There are three cathedrals which I think will remain chief of the Spanish cathedrals in the remembrance of the traveller, namely the Cathedral at Burgos, the Cathedral at Toledo, and the Cathedral at Seville; and first of these for reasons hitherto of history and art, and now of fiction, will be the Cathedral at Toledo, which the most commanding talent among the contemporary Spanish novelists has made the protagonist of the romance following. I do not mean that Vincent Blasco Ibanez is greater than Perez Galdos, or Armando Palacio Valdes or even the Countess Pardo-Bazan; but he belongs to their realistic order of imagination, and he is easily the first of living European novelists outside of Spain, with the advantage of superior youth, freshness of invention and force of characterization. The Russians have ceased to be actively the masters, and there is no Frenchman, Englishman, or Scandinavian who counts with Ibanez, and of course no Italian, American, and, unspeakably, no German.
I scarcely know whether to speak first of this book or the writer of it, but as I know less of him than of it I may more quickly dispatch that part of my introduction. He was born at Valencia in 1866, of Arragonese origin, and of a strictly middle class family. His father kept a shop, a dry-goods store in fact, but Ibanez, after fit preparation, studied law in the University of Valencia and was duly graduated in that science. Apparently he never practiced his profession, but became a journalist almost immediately. He was instinctively a revolutionist, and was imprisoned in Barcelona, the home of revolution, for some political offence, when he was eighteen. It does not appear whether he committed his popular offence in the Republican newspaper which he established in Valencia; but it is certain that he was elected a Republican deputy to the Cortes, where he became a leader of his party, while yet evidently of no great maturity.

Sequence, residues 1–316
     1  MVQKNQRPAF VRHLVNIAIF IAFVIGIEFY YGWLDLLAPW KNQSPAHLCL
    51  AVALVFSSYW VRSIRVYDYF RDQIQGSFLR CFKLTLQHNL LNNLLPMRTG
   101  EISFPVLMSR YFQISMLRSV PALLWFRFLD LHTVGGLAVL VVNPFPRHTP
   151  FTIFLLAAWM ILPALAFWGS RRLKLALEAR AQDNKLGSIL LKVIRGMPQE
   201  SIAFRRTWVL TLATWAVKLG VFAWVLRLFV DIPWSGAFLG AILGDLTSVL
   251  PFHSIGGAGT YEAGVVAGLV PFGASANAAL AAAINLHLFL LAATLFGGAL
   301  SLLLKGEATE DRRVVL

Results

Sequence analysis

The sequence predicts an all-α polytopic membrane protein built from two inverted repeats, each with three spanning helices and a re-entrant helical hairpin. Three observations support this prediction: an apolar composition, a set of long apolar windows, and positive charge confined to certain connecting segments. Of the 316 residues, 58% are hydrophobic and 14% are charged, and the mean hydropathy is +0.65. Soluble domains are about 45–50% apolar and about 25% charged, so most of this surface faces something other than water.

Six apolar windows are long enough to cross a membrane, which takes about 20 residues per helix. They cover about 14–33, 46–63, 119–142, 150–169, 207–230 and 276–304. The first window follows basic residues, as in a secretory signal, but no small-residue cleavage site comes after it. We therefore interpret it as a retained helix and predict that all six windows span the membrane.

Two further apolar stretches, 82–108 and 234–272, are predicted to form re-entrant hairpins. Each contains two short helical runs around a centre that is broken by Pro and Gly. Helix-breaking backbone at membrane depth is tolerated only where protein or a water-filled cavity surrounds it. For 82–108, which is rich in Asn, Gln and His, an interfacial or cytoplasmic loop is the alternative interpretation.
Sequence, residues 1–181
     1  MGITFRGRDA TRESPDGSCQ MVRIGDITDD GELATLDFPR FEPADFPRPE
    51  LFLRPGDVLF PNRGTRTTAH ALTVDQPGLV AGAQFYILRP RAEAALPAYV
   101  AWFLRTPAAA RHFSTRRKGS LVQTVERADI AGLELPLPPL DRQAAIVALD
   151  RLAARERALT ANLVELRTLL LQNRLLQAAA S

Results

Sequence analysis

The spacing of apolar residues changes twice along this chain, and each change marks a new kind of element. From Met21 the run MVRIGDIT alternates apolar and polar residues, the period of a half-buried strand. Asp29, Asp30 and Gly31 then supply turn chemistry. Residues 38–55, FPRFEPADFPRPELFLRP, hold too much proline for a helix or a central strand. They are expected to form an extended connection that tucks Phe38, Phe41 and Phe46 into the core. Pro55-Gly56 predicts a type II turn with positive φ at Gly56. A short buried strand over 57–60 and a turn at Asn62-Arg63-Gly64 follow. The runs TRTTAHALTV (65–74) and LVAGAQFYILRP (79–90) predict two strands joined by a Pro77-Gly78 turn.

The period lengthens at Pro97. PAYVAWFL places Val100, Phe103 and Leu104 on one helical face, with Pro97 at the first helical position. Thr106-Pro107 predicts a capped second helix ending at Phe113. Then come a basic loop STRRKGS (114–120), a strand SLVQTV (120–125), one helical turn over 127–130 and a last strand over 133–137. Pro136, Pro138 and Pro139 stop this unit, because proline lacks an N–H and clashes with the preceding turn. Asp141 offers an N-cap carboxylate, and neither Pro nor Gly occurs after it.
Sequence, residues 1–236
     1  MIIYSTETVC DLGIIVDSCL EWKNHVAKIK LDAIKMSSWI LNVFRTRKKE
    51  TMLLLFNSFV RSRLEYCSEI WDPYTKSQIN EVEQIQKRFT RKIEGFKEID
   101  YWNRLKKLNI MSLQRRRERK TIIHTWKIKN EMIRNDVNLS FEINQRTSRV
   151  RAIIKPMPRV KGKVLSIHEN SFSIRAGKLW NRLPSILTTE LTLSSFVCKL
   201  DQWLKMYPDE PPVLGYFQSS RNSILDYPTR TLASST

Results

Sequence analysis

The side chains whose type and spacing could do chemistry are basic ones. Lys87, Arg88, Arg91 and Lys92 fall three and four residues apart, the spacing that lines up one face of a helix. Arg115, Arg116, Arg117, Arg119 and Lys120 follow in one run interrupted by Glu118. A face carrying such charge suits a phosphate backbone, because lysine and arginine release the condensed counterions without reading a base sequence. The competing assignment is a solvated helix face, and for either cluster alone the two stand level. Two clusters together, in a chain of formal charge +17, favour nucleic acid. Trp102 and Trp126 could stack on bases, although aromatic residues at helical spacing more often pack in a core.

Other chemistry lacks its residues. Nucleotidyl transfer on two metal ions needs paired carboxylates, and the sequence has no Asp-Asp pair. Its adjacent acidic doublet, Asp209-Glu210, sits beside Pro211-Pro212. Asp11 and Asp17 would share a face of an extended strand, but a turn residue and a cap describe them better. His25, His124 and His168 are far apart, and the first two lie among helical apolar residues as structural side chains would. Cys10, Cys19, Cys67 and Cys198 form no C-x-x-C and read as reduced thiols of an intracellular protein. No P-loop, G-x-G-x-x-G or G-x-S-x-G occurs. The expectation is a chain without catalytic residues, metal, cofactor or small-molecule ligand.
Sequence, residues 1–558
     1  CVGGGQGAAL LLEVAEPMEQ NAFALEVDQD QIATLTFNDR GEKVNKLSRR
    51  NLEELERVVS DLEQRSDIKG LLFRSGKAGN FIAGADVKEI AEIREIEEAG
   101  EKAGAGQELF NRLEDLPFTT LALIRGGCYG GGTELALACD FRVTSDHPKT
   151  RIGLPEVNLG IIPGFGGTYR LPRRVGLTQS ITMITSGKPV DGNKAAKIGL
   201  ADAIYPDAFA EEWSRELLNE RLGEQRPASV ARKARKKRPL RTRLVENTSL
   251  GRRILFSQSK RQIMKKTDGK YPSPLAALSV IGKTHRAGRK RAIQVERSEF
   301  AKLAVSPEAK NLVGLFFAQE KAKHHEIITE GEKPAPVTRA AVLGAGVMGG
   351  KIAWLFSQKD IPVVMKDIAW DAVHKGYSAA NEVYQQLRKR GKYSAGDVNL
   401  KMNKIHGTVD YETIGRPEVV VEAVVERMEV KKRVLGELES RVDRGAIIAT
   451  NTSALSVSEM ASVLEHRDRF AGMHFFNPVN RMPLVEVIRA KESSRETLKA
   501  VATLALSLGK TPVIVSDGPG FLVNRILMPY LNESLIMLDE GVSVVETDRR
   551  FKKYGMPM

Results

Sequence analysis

He began almost as soon to write fiction of the naturalistic type, and of a Zolaistic coloring which his Spanish critics find rather stronger than I have myself seen it. Every young writer forms himself upon some older writer; nobody begins master; but Ibanez became master while he was yet no doubt practicing a prentice hand; yet I do not feel very strongly the Zolaistic influence in his first novel, La Barraca, or The Cabin, which paints peasant life in the region of Valencia, studied at first hand and probably from personal knowledge. It is not a very spacious scheme, but in its narrow field it is strictly a novela de costumbres, or novel of manners, as we used to call the kind. Ibanez has in fact never written anything but novels of manners, and La Barraca pictures a neighborhood where a stranger takes up a waste tract of land and tries to make a home for himself and family. This makes enemies of all his neighbors who after an interval of pity for the newcomer in